Trying Julia in Analytical April

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Why Julia?

The languages for April were much narrower than previous months. Julia, Python and R. I’ve used Python professionally as well as throughout university, so I thought I’d pick one of the other two instead. Julia sells itself as high-performance and while being dynamically typed. I’ve been working more with Rust for Mechanical March and the majority of the languages I’ve used, in my current and previous roles, have been dynamic languages. I thought it might be fun to see what this combination looks like and what the ecosystem has to offer.

Initial thoughts

Nothing in Julia particularly stands out, but maybe that’s the point. It feels very familiar on the surface, though I’m sure there’s more nuance I didn’t uncover in my short time with it. It aims to slot into the scientific computing space and be compared with R, MATLAB and Python. Likewise, it’s expressive at a high level, be dynamic to aid in speed of prototyping, but as performant as something like C. It seems to take some of the most useful features from other languages and package them up into something that just works.

Developer experience

Language features

Because Julia isn’t particularly surprising or mind shifting like some other languages I’ve tried, let’s have a look at some of the features that are a bit different.

Wider range of symbols

APL is known for using esoteric symbols, Julia uses some extra mathematical operators. You can do division normally or use ÷ to truncate the result.

x / ydivideperforms division
x ÷ yinteger dividex / y, truncated to an integer

Same with bitwise operations, we’ve got xor, nand and nor which use , , which I guess must be useful if you’re used to seeing these in daily use (I’m not so typing some of these symbols takes some relearning).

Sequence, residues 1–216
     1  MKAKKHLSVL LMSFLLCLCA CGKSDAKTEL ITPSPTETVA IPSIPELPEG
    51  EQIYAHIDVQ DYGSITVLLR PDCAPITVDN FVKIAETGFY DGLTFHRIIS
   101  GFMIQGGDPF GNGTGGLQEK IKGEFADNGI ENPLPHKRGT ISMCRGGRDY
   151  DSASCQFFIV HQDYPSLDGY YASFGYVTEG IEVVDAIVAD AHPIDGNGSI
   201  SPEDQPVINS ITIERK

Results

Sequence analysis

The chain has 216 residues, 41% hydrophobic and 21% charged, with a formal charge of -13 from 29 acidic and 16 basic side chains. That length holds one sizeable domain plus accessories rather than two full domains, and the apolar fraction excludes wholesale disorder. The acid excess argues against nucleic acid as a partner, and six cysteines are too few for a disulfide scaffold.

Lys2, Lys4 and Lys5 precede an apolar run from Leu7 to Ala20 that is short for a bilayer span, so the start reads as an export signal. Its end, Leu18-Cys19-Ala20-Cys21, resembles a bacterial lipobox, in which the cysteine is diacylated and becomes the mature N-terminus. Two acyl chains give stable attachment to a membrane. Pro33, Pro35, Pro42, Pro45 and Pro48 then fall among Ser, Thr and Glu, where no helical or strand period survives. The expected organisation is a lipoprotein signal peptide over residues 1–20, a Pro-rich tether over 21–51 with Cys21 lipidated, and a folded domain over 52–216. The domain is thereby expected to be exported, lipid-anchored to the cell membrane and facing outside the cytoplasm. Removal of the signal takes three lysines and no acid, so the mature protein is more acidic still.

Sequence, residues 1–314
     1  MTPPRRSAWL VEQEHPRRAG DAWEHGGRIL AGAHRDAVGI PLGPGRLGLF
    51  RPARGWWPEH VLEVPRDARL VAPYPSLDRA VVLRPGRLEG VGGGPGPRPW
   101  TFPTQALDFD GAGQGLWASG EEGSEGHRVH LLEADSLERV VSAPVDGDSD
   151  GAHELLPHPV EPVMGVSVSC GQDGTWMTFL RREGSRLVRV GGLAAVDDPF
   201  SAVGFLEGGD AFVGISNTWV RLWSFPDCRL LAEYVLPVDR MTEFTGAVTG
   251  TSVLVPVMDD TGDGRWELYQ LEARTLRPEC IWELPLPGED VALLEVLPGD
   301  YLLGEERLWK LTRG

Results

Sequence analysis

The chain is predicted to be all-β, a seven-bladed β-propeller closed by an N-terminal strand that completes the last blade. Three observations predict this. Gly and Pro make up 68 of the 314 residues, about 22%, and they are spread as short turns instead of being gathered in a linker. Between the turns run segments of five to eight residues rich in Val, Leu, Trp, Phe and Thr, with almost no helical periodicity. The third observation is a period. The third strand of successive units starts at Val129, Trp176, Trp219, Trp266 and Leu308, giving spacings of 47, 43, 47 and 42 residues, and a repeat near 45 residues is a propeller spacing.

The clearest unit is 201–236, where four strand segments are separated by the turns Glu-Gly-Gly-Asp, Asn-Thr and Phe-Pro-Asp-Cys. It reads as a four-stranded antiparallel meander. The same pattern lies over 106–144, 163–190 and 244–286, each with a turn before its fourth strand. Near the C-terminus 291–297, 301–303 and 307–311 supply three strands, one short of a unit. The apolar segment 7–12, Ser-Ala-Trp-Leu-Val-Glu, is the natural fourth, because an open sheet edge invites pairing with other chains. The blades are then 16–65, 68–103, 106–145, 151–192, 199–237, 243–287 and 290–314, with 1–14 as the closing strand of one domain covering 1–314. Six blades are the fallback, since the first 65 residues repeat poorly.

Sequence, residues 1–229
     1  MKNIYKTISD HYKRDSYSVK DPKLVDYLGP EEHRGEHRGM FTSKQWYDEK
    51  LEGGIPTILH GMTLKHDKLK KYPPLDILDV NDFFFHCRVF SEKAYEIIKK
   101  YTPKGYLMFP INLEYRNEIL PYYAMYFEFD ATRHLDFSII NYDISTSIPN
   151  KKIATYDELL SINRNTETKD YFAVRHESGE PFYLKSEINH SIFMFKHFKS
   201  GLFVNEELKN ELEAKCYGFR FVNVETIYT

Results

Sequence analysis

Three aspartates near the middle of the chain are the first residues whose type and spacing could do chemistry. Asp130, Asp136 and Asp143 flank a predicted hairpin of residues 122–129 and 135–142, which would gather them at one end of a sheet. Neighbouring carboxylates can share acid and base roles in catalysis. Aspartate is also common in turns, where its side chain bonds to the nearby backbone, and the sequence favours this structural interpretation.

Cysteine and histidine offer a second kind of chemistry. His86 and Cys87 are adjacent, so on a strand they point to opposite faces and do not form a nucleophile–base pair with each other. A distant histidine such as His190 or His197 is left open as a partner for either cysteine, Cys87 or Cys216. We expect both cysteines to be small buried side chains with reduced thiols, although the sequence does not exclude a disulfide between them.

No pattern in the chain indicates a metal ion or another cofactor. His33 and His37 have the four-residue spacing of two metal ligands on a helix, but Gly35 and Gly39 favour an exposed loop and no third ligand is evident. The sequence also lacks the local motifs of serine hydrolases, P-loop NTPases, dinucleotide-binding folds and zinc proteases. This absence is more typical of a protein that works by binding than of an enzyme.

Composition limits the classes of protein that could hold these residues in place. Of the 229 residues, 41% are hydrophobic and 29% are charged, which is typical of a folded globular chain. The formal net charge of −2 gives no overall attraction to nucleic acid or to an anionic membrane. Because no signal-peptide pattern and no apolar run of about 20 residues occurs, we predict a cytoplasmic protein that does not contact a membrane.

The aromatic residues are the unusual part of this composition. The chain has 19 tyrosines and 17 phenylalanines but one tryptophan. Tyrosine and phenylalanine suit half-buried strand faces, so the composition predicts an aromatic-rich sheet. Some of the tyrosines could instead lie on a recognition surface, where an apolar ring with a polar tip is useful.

x | ybitwise or
x ⊻ ybitwise xor (exclusive or)
x ⊼ ybitwise nand (not and)
x ⊽ ybitwise nor (not or)
x >>> ylogical shift right

Operators for vectors

Being in the scientific computing space means you might be working with vectors, so being able to perform operations on them easily is a must. Julia handles this by allowing every arithmetic operators to be prefixed with a .

Shorthand like this makes it easy to express operations on lists of numbers.

julia> [1,2,3] .+ 1
3-element Vector{Int64}:

You’ll also notice that when running these expressions in the REPL, I didn’t provide any types, but the types are inferred and shown in the output.

julia> [1,2,3] ./ 3
3-element Vector{Float64}:

It’s a very natural syntax that’s easy to see what’s going on, at a glance.

julia> [1,2,3] .^ 3
3-element Vector{Int64}:

Method specialisation

Julia takes an interesting approach to function definitions. You can define functions that act on specific types or arguments like so:

julia> f(x::Float64, y::Float64) = 2x + y
f (generic function with 1 method)

You’ll notice we have a function with 1 method, this means we only support calls like f(2.1, 3.5) and not f(2,3). Likewise, you can create more methods to handle different types, make more specific methods or more generic. If we wanted to handle more numbers, we could use the Number type, which Float64 is a subclass of.

f(x::Number, y::Number) = 2x + y
f (generic function with 2 methods)

This is a useful pattern I like in Elixir with pattern matching and overloading in C#.


Nothing really stood out to me with Julia and maybe that was a good thing. I sense that it’s a language that offers numerous features, and it seems pretty straightforward to get up and running. If an appealing project comes up that uses Julia, I’d be happy to dive back in and take another look, but for now, I’m happy with my time and don’t intend to return to it in the short term.


Seth Corker

A Fullstack Software Engineer working with React and Django. My main focus is JavaScript specialising in frontend UI with React. I like to explore different frameworks and technologies in my spare time. Learning languages (programming and real life) is a blast.